First, a note about those who just missed the cut. As we spent the past few months refining and tinkering our top 50 list, as many as 75 players' names appeared in it — that's how close the talent is, and how one little bit of information (an injury update, more tape study, a good or bad scouting report given to us anonymously from NFL teams) can shake up the rankings.
There are some good football players who ended up just outside the Shutdown Corner Top 50. Nos. 51-65 were Penn State WR Allen Robinson, BYU LB Kyle Van Noy, Virginia OT Morgan Moses, Florida DT Dominique Easley, Washington TE Austin Seferian-Jenkins, LSU WR Jarvis Landry, Georgia Tech OLB-DE Jerry Attaochu, Florida State CB-S Lamarcus Joyner, USC C-OG Marcus Martin, Northern Illinois S Jimmie Ward, Stanford OG David Yankey, Indiana WR Cody Latimer, Alabama QB A.J. McCarron, Colorado State C Weston Richburg, and Clemson CB Bashaud Breeland. That gives you an idea how deep this draft is.
This list, or the ones that follow, are not predictors of where players will be drafted but rather how we think they eventually will perform as prospects. You might see some of the 15 players above (or the 10 below) be drafted in the first round on May 8. Based on study, sources and other factors, we won't agree with all those picks.
Here are Nos. 50-41 of our Top 50 for the 2014 NFL draft:
50. Notre Dame TE Troy Niklas
The Irish's recent factory of NFL tight ends (John Carlson, Anthony Fasano, Kyle Rudolph, Tyler Eifert) has a new entrant that could, eventually, be the best of the lot if he develops fully. Niklas was a surprise underclassman entry who has a massive frame and yet still is learning the finer points of the position after switching from outside linebacker. After backing up Eifert in 2012, Niklas showed what he's capable of in 2013, but also that he must work on his strength and route running. In time, though, he could be a real gem.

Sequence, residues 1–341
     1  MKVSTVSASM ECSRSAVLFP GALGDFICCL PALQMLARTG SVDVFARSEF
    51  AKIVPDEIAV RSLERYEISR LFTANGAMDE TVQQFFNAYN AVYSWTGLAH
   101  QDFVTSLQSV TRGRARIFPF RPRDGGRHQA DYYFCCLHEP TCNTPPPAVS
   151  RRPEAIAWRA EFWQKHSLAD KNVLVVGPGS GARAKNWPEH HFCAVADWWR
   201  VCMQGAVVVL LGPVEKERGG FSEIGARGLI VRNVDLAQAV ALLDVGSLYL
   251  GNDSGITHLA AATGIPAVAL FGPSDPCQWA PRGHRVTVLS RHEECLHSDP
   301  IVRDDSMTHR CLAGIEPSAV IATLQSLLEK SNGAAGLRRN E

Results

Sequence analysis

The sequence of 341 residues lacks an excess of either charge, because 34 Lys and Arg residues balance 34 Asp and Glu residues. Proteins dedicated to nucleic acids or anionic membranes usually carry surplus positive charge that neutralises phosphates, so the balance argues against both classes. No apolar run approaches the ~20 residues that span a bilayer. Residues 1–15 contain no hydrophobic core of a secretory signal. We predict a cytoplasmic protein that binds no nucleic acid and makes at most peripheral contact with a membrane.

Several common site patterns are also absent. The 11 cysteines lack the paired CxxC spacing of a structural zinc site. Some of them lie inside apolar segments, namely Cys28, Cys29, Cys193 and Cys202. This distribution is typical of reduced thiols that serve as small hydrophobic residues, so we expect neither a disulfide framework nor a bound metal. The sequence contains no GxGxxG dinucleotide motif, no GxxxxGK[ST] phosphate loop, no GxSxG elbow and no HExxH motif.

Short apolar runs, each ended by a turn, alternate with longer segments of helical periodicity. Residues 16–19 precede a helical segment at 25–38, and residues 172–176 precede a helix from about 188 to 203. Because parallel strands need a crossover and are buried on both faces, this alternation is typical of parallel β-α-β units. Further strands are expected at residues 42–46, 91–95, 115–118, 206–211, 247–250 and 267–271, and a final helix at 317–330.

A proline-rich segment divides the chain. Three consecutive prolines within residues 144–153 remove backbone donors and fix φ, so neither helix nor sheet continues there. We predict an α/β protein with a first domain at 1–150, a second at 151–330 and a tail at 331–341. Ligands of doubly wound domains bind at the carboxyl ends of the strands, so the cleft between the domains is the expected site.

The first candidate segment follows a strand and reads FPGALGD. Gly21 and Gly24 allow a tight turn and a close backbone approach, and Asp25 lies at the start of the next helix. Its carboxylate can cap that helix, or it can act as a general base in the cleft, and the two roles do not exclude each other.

NFL comparison: What you'd get if you combined Rob Gronkowski and Scott Chandler
Draft range: Somewhere between the 45th and the 75th pick
49. Eastern Illinois QB Jimmy Garoppolo
Garoppolo comes into the NFL like many quarterbacks these days: with less-than-ideal height, having run a fast-break, spread offense in college. The difference with him is that he played his college ball in Charleston, Ill. and was completely under the radar until he lit up Northern Illinois for 450 yards and 6 passing touchdowns at the start of the 2013 season. From there, scouts took note of Garoppolo's lightning-quick release, athleticism, competitiveness and moxie, and he did good work in the offseason at the East-West Shrine Bowl, Senior Bowl, his pro day and the combine. A very interesting project passer who must incubate before being thrown into the fire.
NFL comparison: Tony Romo's body and quick release but not as talented (or chaotic)
Draft range: It's possible he goes late in Round 1, but Round 2 more likely
48. Washington State S Deone Bucannon
We first got an up-close look at Bucannon at the Senior Bowl and were impressed with how well built he was for a safety. Through the week in practice it was clear that he was not a great lateral mover and that he could be juked in space, but the more we watched his college tape the more it was clear that he could hit and make plays on the ball. The three-time captain is WSU's all-time leading tackler (384) and interceptor (15). Bucannon might not be a standout in all coverages, but he brings some vinegar to a defense and loves playing on special teams, too.
NFL comparison: Similar to Duke Ihenacho and James Ihedigbo, but with a better nose for the ball
Draft range: Somewhere in Round 2, especially with the lack of safety depth in this draft
47. Mississippi WR Donte Moncrief
The more we saw of Moncrief, the more we liked him — and it was clear that even with some inconsistent quarterbacking at Ole Miss, he has some special athletic traits. The 21-year-old also spoke confidently at the combine about his abilities as a wide receiver, and he then showed his explosion with an 11-foot broad jump (tied for the most among wideouts). Although he's a bit of a long strider and doesn't always play to his size, Moncrief has some real upside as a top-two wideout in a vertical offense that can use his length and speed well. It's also fun watching him compete on 50-50 balls and as a run blocker.
NFL comparison: A more fleet-of-foot (and maybe not quite as physical) Dwayne Bowe
Draft range: Second round, even in this deep WR class
46. Tennessee OT Ja'Wuan James